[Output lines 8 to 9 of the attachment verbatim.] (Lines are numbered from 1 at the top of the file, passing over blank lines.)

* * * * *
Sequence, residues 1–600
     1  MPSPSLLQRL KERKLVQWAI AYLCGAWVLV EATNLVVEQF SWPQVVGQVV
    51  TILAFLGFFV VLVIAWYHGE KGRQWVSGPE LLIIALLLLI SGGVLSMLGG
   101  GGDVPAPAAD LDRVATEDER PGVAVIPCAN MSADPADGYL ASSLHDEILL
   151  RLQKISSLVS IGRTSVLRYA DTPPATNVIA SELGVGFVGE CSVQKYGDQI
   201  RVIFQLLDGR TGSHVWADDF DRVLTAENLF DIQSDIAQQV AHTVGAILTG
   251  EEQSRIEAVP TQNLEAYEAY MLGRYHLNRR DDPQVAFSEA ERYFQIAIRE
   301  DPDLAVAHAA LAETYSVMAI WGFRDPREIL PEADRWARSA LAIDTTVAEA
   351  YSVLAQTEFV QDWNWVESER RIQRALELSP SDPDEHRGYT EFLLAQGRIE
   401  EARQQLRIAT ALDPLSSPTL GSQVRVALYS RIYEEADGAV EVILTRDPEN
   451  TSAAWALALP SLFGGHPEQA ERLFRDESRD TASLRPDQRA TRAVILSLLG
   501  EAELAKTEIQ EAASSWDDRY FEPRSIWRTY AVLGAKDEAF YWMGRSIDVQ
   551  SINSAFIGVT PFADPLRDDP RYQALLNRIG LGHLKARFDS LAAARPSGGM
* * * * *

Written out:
   301  DPDLAVAHAA LAETYSVMAI WGFRDPREIL PEADRWARSA LAIDTTVAEA
   351  YSVLAQTEFV QDWNWVESER RIQRALELSP SDPDEHRGYT EFLLAQGRIE